They said they were sorry, you said you forgave them. But at the back of your mind, you’re not over it. Something won’t give—and now you’re left feeling like crud. Why? Because the essence of forgiveness is freeing yourself from hating someone.
But whether you truly forgive someone—meaning you and the person in question decide to wipe the slate clean—also has to do with that person’s sense of regret and apology. They may not feel an “I’m sorry” is warranted, they may lack empathy to feel your pain, or they may be totally clueless. So waiting and hoping that someday you’ll move on is a bad choice.
So how do you really forgive—and shake the bad feelings once and for all?
1. Set a date: This should be when you are going to officially “move on.” It can be a year anniversary, or whatever time you deem appropriate, but pen it in and stick to it.
2. Make rituals: They are important and help us process emotions. Whether it’s burning a large wooden sculpture in the desert or having a divorce party, do something to commemorate your moving on.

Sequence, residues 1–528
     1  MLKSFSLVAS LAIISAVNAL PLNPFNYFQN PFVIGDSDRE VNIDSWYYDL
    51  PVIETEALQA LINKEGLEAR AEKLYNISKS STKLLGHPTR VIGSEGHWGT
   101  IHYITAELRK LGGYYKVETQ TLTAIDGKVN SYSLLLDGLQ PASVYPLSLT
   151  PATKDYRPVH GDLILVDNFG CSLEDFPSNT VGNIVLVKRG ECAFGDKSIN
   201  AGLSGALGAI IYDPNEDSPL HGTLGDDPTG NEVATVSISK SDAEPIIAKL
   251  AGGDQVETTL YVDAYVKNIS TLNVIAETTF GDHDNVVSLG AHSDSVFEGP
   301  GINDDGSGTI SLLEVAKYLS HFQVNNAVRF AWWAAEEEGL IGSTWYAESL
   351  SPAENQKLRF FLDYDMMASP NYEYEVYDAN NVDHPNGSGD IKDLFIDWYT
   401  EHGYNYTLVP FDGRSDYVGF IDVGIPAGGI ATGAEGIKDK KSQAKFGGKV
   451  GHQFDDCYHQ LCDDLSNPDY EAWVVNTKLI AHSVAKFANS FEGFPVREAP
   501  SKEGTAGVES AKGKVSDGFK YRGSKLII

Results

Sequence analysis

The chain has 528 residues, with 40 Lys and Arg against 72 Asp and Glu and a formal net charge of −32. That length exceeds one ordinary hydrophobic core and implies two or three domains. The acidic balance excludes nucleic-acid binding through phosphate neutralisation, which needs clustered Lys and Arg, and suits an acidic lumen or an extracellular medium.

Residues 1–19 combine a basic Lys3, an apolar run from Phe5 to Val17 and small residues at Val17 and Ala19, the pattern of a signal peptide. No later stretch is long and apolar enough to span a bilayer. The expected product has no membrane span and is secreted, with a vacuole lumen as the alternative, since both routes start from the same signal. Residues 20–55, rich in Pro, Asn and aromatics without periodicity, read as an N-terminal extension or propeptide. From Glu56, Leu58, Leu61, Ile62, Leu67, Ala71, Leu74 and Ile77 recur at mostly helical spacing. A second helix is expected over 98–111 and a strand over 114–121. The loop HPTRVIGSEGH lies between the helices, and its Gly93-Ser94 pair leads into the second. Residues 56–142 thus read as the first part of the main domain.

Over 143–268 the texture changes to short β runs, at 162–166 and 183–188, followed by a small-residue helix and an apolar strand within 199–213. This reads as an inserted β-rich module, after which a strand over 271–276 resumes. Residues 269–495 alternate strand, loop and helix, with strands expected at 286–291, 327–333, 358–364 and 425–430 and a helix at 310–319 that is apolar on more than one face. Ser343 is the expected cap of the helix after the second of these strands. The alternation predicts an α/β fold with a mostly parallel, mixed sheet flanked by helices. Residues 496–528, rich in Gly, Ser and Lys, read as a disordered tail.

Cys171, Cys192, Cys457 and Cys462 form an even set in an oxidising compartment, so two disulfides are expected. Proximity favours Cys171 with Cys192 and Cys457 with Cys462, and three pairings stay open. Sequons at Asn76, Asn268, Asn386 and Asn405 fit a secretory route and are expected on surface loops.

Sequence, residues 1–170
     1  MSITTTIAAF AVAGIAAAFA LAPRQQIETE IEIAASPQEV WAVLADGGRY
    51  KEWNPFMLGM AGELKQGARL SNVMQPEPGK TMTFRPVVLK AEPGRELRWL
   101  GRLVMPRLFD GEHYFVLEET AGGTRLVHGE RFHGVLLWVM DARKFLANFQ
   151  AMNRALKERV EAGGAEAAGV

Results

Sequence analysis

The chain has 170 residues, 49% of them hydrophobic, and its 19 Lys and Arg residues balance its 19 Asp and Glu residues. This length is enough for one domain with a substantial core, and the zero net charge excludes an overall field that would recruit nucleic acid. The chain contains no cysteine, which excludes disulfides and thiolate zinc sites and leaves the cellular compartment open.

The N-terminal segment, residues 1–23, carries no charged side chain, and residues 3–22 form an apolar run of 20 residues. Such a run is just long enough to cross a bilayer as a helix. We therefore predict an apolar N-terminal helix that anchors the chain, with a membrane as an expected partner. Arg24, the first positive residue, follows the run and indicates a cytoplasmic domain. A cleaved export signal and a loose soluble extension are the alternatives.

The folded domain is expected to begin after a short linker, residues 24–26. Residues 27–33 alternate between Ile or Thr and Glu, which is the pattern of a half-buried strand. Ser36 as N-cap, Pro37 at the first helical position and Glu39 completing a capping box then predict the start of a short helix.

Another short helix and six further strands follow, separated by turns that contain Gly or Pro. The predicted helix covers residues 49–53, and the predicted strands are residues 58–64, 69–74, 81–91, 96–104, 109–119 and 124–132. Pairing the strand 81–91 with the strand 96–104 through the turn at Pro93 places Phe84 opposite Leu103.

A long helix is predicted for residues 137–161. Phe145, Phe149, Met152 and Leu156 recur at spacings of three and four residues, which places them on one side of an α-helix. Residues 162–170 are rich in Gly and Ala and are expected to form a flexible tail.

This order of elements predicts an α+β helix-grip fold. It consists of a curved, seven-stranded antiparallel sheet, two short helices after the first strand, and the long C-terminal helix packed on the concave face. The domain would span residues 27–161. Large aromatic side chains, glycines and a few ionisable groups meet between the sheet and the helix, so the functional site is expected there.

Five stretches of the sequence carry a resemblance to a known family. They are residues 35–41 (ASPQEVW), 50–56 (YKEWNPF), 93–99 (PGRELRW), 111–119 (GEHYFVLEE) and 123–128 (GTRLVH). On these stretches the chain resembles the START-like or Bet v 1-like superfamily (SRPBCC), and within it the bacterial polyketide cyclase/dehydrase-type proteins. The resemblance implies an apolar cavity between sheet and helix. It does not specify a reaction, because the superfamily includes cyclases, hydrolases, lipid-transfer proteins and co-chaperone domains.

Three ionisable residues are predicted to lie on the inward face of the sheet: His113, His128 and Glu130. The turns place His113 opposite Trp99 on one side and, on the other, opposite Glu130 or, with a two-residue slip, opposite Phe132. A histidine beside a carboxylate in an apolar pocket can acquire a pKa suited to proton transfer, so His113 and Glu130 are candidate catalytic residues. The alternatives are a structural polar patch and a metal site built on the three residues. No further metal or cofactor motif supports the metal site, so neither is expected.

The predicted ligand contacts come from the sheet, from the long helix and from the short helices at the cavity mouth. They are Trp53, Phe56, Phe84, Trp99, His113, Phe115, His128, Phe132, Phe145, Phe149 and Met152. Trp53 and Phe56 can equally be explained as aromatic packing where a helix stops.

3. Give thanks: Think about all of the things you learned from that person. Your life teachers are ones that teach you things both gently and harshly. Your thanking them for “the lesson,” helps reframe the experience.
4. Read quotes: …Mainly on forgiveness—and find one that can be your mantra. I personally like, “Forgive your enemies, but never forget their names,” John F. Kennedy; and “Forgiveness is not an occasional act, it is a constant attitude,” Martin Luther King, Jr.
4. See the Blessing: Remember that your being wronged might end up being a blessing in disguise. A friend of mine who is happily married to the love of her life (who is also a billionaire), ran into her ex-boyfriend who had dumped her years ago and thanked him. How’s that for karma?